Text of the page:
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Abstract Title:

Effects of Stevia Extract on Postprandial Glucose Response, Satiety and Energy Intake: A Three-Arm Crossover Trial.

Abstract Source:

Nutrients. 2019 Dec 12 ;11(12). Epub 2019 Dec 12. PMID: 31842388

Abstract Author(s):

Grace Farhat, Victoria Berset, Lauren Moore

Article Affiliation:

Grace Farhat

Abstract:

: Non-nutritive sweeteners (NNS) are suggested to lower energy intake in the diet, but they have been paradoxically involved in the epidemic of obesity and Type 2 diabetes. Stevia is the least studied sweetener. This study aims to investigate the effect of stevia on postprandial glucose levels, appetite and food intake.

METHODS: 30 participants (20 females/10 males; 26.1 (10.56) years; body mass index (BMI) 23.44 (3.42) Kg/m) took part in a three-arm crossover trial where they received preloads of water, sugar (60 g) and stevia (1 g) on three different days, followed by an ad libitum pizza lunch. Breakfast was standardised. A one-day diet diary was collected on each test day. Visual analogue scales (VAS) were used to assess subjective feelings of appetite. Blood glucose samples were collected at 30-min intervals until 120 min post lunch.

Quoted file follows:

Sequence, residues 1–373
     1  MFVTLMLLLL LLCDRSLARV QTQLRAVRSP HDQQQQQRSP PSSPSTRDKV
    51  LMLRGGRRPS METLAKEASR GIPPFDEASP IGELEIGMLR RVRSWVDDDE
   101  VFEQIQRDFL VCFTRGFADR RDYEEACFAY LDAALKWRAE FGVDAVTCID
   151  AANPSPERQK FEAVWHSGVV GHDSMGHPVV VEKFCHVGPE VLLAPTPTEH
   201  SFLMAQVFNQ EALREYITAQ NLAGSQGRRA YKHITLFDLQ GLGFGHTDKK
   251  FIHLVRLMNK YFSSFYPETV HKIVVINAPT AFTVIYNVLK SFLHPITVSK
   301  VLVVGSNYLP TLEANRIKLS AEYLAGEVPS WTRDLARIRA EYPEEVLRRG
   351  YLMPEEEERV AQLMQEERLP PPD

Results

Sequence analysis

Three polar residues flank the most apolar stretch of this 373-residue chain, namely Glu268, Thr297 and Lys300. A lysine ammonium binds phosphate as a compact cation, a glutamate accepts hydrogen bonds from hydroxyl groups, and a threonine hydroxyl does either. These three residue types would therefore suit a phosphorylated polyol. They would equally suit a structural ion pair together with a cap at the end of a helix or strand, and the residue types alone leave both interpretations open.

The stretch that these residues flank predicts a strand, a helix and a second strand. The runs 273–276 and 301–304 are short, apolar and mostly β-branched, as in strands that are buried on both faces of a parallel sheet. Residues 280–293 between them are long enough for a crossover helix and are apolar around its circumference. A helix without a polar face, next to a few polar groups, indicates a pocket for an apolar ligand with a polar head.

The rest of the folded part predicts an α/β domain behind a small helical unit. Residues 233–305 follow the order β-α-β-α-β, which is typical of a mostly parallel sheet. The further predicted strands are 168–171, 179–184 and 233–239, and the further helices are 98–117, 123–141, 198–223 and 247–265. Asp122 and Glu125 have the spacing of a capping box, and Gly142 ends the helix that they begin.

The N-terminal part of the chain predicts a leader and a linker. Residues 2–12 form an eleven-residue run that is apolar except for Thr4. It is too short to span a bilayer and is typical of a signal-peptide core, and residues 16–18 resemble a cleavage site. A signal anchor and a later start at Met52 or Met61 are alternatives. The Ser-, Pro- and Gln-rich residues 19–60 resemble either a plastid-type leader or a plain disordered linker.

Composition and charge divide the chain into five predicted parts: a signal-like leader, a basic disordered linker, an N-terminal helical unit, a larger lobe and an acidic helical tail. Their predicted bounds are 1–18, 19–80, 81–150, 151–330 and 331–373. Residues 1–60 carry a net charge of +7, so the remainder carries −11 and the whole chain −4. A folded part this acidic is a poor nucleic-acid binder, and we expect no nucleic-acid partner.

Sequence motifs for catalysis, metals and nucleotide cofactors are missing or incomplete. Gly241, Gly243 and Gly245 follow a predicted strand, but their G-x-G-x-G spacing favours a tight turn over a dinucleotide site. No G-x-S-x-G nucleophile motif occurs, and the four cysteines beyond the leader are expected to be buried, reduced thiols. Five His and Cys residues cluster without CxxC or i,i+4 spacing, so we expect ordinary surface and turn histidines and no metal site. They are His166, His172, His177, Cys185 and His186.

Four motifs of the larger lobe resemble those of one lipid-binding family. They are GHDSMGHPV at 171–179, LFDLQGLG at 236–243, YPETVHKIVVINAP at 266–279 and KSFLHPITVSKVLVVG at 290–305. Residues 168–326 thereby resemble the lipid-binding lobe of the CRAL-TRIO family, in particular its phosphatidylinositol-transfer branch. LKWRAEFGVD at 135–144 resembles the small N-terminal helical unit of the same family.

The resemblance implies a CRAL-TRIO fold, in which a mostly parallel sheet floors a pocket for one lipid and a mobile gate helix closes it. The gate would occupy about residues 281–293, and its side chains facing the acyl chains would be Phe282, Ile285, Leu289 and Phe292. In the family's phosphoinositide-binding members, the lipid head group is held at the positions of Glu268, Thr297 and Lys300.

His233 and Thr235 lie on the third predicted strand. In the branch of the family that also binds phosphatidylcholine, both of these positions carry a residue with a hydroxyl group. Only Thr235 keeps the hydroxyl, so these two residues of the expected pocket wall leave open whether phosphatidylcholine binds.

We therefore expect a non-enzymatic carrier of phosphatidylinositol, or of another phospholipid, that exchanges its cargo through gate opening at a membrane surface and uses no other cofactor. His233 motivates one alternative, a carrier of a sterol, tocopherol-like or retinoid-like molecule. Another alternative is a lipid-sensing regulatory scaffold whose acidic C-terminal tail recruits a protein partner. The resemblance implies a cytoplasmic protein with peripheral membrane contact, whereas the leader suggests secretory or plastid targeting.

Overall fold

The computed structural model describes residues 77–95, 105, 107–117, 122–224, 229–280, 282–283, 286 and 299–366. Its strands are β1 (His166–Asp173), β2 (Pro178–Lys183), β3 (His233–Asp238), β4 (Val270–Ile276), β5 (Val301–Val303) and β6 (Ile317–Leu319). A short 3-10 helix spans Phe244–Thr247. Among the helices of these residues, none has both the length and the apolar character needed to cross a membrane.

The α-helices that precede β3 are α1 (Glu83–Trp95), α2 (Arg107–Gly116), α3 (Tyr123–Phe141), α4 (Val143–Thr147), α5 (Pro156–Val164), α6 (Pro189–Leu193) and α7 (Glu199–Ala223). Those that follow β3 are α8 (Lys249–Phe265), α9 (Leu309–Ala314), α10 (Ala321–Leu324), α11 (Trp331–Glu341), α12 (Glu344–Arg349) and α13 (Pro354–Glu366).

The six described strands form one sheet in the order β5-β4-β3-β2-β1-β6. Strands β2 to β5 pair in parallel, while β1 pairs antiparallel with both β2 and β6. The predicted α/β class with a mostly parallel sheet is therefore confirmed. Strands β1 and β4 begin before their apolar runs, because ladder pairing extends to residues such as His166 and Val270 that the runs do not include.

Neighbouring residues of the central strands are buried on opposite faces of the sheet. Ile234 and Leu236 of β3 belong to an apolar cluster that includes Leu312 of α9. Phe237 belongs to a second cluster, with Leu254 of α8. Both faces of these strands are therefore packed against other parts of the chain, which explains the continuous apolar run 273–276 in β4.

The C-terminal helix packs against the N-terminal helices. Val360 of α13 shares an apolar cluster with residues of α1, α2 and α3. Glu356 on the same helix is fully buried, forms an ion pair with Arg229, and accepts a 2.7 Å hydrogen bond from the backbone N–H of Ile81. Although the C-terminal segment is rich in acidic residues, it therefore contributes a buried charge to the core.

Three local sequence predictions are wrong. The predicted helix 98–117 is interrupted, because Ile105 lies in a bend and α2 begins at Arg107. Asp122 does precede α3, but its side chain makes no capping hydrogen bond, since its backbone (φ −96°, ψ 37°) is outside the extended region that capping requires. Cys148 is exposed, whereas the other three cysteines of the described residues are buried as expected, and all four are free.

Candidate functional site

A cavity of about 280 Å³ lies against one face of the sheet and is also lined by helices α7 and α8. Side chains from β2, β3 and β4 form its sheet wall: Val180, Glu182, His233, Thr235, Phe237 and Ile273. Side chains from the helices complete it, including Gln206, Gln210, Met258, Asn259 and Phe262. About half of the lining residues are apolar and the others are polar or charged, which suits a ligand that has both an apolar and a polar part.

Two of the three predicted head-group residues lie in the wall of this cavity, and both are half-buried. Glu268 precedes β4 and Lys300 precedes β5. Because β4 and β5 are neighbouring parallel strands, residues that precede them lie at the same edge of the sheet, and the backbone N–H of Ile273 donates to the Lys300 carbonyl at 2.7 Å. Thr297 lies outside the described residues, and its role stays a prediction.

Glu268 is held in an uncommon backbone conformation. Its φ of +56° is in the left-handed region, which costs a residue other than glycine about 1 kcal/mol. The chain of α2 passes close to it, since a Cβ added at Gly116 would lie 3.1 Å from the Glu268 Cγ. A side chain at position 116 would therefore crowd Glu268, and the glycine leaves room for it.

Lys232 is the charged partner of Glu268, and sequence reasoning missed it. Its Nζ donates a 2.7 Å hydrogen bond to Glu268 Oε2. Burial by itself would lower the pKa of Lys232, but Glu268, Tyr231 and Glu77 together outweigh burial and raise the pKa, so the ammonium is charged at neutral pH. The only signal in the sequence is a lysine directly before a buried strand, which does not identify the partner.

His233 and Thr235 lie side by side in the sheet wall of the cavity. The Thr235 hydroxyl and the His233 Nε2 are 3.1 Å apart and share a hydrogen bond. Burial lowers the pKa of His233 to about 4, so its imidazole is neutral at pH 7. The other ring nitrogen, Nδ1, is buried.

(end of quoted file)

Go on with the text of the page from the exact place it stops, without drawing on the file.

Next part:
RESULTS: Energy intake did not significantly differ between preloads for ad libitum meals (= 0.78) and overall day (= 0.33). VAS scores for hunger and desire to eat (DTE) were lower following stevia preload compared to water (<0.05). After adjusting for the sugar preload and calorie content, postprandial glucose levels did not significantly differ between interventions.

CONCLUSION: Stevia lowers appetite sensation and does not further increase food intake and postprandial glucose levels. It could be a useful strategy in obesity and diabetes prevention and management.

Study Type : Human Study

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Sayer Ji
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